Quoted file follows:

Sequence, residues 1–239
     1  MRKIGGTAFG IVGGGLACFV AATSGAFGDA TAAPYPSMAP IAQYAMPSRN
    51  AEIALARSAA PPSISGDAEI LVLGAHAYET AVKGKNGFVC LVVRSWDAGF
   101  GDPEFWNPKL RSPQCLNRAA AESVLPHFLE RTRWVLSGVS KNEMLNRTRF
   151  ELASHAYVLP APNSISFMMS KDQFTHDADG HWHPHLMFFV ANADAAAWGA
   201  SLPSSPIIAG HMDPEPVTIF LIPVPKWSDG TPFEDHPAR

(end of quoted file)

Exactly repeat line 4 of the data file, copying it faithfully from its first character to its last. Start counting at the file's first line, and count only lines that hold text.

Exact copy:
   101  GDPEFWNPKL RSPQCLNRAA AESVLPHFLE RTRWVLSGVS KNEMLNRTRF